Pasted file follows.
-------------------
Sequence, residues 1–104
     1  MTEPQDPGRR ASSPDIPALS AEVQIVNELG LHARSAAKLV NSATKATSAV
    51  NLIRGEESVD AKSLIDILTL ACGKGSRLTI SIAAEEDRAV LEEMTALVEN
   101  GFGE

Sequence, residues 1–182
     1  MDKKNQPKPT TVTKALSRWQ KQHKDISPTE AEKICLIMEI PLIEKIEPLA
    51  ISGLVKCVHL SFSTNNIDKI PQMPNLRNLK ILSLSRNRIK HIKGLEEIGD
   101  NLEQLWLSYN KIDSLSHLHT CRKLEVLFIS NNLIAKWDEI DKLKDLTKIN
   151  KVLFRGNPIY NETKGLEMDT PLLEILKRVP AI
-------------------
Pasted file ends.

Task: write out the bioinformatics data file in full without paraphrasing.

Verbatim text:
Sequence, residues 1–104
     1  MTEPQDPGRR ASSPDIPALS AEVQIVNELG LHARSAAKLV NSATKATSAV
    51  NLIRGEESVD AKSLIDILTL ACGKGSRLTI SIAAEEDRAV LEEMTALVEN
   101  GFGE

Sequence, residues 1–182
     1  MDKKNQPKPT TVTKALSRWQ KQHKDISPTE AEKICLIMEI PLIEKIEPLA
    51  ISGLVKCVHL SFSTNNIDKI PQMPNLRNLK ILSLSRNRIK HIKGLEEIGD
   101  NLEQLWLSYN KIDSLSHLHT CRKLEVLFIS NNLIAKWDEI DKLKDLTKIN
   151  KVLFRGNPIY NETKGLEMDT PLLEILKRVP AI